At-Home STI/HIV Testing Could Increase Screening Rates


A study of MSM suggests optimizing at-home testing for STIs and HIV could increase rates of testing, while noting a need to balance convenience with educational outreach.

Rapid self-testing for sexually transmitted infections (STIs) and HIV could help improve rates of screening, which currently fall below recommendations in the US Centers for Disease Control and Prevention guidelines, according to a recent study.

The study, published in Open Forum Infectious Diseases, included 109 participants, made up of men who have sex with men (MSM) recruited at an HIV/STI testing and treatment program in 2014, who took part in an online questionnaire. The investigation was completed with assistance from the University of California San Diego Antiviral Research Center and funded by the National Institutes of Health.

It found that 78.5% of participants preferred accessing HIV testing at home, with a rapid oral test being preferred by 71.1%. Although participants indicated a preference for the convenience of home testing, educational outreach and provider support remain important. The study found increased high-risk behavior after negative HIV test results. Most participants (70%) preferred direct provider notification of HIV-positive results, while 76.4% wanted to hear about HIV-negative results electronically.

"Although additional research is needed to identify the optimal utilization of multiple aspects of a large-scale HIV and STI self-testing program, increasing resources directed specifically toward home testing has the potential to translate into improved uptake of rapid HIV and STI testing, particularly by reducing inconvenience in the testing process," the study said. "However, efforts to improve convenience in testing programs should be carefully balanced with the need for continued educational outreach efforts."

The study allowed participants to rank a variety of testing methods, such as community outreach events, mobile testing, and kiosks in public spaces against home testing. Respondents under age 45 were slightly less likely to prefer home specimen collection for STI testing, which may have been related to issues with transporting the specimen to the lab.

The risk of HIV transmission is increased among patients diagnosed with an STI such as syphilis, Neisseria gonorrhea and Chlamydia trachomatis. Nearly 70% of respondents reported taking part in risky behavior. The CDC recommends MSM testing at least annually for STIs and HIV and more frequently for those who engage in risky behavior. The most common reason cited for not getting tested was a lack of known prior exposure, and more than half cited lack of symptoms, indicating a need for more educational outreach. Inconvenience was cited as another barrier to testing, particularly among younger respondents.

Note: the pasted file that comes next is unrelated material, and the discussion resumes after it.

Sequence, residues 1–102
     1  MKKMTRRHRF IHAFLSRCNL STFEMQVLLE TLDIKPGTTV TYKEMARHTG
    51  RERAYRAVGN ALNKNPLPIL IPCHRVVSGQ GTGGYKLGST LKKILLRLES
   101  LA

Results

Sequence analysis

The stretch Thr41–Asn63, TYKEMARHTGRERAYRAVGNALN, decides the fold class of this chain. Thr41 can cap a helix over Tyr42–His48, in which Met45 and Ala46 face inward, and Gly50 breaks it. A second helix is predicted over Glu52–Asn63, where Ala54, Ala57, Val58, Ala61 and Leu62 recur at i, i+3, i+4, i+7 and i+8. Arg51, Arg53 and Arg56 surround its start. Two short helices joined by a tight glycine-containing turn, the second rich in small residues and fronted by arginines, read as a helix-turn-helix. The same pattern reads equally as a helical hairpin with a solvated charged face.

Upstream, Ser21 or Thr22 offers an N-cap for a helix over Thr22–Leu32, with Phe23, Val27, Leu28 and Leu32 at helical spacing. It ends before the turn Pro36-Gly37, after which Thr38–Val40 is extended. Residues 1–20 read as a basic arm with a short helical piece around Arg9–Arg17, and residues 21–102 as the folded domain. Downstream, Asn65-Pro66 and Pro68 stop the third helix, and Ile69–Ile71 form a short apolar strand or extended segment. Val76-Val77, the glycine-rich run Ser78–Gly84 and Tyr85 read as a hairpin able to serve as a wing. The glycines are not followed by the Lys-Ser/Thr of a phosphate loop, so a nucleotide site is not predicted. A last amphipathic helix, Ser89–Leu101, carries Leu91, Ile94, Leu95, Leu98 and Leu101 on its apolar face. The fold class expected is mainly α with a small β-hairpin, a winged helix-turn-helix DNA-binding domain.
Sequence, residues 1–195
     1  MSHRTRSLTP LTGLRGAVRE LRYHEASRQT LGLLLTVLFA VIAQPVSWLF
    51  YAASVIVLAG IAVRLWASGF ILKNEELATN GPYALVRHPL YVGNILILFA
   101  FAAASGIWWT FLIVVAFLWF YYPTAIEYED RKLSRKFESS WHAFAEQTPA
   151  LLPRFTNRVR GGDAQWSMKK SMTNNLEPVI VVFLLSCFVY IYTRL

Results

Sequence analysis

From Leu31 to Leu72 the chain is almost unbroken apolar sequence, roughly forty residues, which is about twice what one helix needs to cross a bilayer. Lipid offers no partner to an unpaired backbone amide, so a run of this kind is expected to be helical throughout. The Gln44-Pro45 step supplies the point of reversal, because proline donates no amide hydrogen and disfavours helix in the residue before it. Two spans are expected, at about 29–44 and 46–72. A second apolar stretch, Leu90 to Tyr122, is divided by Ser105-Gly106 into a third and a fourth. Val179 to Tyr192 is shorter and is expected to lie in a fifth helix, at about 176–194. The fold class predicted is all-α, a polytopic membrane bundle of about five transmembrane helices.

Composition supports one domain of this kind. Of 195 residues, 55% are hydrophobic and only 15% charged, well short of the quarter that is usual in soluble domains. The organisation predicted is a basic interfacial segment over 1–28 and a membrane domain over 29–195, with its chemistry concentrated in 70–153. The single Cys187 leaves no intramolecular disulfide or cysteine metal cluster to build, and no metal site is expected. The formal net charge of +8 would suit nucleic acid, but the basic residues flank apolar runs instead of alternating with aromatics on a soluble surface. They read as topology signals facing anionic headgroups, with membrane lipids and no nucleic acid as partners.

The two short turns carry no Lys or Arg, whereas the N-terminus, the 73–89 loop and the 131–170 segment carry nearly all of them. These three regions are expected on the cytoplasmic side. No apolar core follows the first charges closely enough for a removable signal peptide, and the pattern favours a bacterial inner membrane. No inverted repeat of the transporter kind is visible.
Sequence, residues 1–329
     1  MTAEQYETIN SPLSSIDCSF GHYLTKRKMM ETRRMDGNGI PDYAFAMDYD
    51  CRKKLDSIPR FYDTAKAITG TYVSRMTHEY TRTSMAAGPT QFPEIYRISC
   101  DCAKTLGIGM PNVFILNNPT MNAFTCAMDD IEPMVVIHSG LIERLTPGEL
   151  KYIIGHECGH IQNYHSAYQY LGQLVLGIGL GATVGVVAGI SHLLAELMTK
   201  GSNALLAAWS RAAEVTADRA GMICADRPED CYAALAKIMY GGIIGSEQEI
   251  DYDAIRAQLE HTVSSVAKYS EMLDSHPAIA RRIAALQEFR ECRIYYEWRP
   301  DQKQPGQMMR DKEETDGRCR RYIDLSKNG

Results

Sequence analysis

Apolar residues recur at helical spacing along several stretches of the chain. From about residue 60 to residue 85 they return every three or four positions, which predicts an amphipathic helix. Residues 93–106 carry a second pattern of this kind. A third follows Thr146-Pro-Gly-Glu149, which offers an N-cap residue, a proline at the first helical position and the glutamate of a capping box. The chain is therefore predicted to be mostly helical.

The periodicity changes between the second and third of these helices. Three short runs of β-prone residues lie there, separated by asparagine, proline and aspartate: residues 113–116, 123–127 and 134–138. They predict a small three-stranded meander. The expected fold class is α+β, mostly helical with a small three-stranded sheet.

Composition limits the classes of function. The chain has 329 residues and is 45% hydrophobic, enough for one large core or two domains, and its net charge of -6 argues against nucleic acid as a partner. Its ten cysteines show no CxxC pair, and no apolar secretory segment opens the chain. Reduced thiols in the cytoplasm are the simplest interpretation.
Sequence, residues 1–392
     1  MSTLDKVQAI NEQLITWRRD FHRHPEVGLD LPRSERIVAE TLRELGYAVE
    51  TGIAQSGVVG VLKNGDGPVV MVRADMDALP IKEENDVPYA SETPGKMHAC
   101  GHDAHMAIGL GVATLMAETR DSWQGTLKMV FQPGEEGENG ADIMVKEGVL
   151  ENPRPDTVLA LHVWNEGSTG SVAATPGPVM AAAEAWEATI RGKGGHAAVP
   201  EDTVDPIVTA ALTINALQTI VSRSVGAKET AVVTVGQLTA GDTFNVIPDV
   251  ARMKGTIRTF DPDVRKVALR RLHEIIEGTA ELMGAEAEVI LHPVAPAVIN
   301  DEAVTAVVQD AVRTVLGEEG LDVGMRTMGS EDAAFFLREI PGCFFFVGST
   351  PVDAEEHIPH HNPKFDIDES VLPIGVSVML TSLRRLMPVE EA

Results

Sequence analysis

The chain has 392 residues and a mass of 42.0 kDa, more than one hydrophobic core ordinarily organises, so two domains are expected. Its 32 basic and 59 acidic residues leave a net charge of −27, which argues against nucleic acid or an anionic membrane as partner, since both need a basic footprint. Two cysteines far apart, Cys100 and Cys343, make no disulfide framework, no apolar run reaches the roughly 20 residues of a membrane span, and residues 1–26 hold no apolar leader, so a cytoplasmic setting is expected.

"The prioritized integration of home rapid HIV and STI testing options into large-scale testing programs has the potential to address this barrier, particularly among young MSM who are at the greatest risk for acquiring HIV and STIs," the study said.

Some limitations of the study included that it was a small sample size with only 109 respondents and reached a relatively homogenous group.

A recent study found that using a smartphone app could link people with positive at-home rapid HIV test results with access to care. The HIVSmart! app provides crucial support to patients from testing to interpreting results to accessing counseling or health care.

Improvements in testing have decreased the percentage of people in the United States who are infected with HIV without being aware of it. In the United States, about 12% to 15% of people infected with HIV are unaware of their infection, compared with about 30% in 2005, according to a recent Contagion® Peer Exchange program titled “HIV Screening, Prevention, and Treatment Advances.”

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